Social enterprises are key to solving pressing social needs. I played a key role in solid waste pickers and recyclers mapping and profiling as well as policy analysis and it was impressive to see the role of medium and microenterprises not just in sanitation but in environmental management and other fields like agriculture and health.
It is up to the entrepreneurs to step up and grab every opportunity they can get to make their businesses work and become visible and then the other players will be willing to give them a second look. Even when in groups, SMEs are not able to mount sufficient assets to act as security for loans and they still have low technical and personnel capacity. For example, if you want to start an informal micro-enterprise, it is usually impossible to secure micro-credit. While banks will serve well-established medium-to-large companies, in between lays an entire segment of entrepreneurs who are faced with a terrible problem: virtually no financial, technical and personnel resource services this is especially true of sanitation enterprises.
There has been a shift by entrepreneurs to invest in the less explored sectors like health and sanitation but the entrepreneurs lack the necessary skills and knowledge and given the fact that this is a sector where most of the work should be done, it’s saddening. There is need for enterprises to explore opportunities for local financing, to explore options for boosting sustainable financing mechanisms, to share experiences and lessons learned from local enterprise models and to open new opportunities.
In the urban slums of Kenya, open defecation and flying toilet is still the prime method of human waste disposal. This poses challenge to planners, health and social services providers and development partners. Different communities have tried to solve this problem but the solutions have not gone further than use of what is popularly known as ‘flying toilet’ or the latest ‘walking toilet’. The ‘flying toilet’ got its name from how the human waste filled polythene bags fly over the roofs usually at night while the ‘walking toilets’ got its name from how the user walks with the human waste filled polythene bags and drops it when they get a chance to get rid of it.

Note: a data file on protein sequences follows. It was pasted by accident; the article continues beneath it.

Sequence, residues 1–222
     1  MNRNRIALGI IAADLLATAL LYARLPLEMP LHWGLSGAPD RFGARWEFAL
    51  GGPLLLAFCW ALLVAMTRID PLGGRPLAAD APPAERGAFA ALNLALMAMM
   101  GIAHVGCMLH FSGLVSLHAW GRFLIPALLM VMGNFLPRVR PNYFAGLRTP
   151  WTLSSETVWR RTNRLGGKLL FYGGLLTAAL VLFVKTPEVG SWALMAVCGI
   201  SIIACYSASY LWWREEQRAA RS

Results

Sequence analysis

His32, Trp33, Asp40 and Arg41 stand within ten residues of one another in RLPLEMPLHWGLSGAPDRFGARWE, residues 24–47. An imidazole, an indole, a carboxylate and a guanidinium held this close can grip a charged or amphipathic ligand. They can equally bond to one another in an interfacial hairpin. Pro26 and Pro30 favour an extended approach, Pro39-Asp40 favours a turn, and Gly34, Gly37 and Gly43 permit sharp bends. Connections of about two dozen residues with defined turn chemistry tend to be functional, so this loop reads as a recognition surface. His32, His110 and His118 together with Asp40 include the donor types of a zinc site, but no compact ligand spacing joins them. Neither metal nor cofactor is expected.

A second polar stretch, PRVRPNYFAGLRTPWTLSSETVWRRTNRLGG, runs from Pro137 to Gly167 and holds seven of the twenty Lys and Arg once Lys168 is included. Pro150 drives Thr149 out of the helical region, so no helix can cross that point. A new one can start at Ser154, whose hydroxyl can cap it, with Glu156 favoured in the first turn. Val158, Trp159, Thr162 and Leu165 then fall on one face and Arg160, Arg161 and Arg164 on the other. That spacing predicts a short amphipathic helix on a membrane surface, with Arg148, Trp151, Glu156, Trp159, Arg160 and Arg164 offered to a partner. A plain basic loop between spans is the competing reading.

To combat this in the urban and periurban areas, a social enterprise by the name Ecotact is using a transformative approach of not only providing affordable public sanitation facilities but also incorporating other social amenities in what is popularly known as the Ikotoilets. They are toilet malls.
Ecotact, a social enterprise, launched the Ikotoilet initiative two years ago. Ecotact has constructed 40 facilities in 12 Municipalities in Kenya and serving an average of 300,000 people daily with safe water and sanitation.
Ikotoilet links space and service thus promoting interactions on the streets with a complete toilet mall within the space, toilets and showers, snacks, shoe shinning services, air time vending, newspaper vending to evolve an image synonymous with convenience quality service.
Ikotoilet sets up high hygienic standards, sanitation hospitality and an ambiance of convenience, through provision of quality loo and shower services in urban, markets, parks and the Informal Settlements.
Ikotoilet intends to make sanitation a beauty, sexy and fashion product.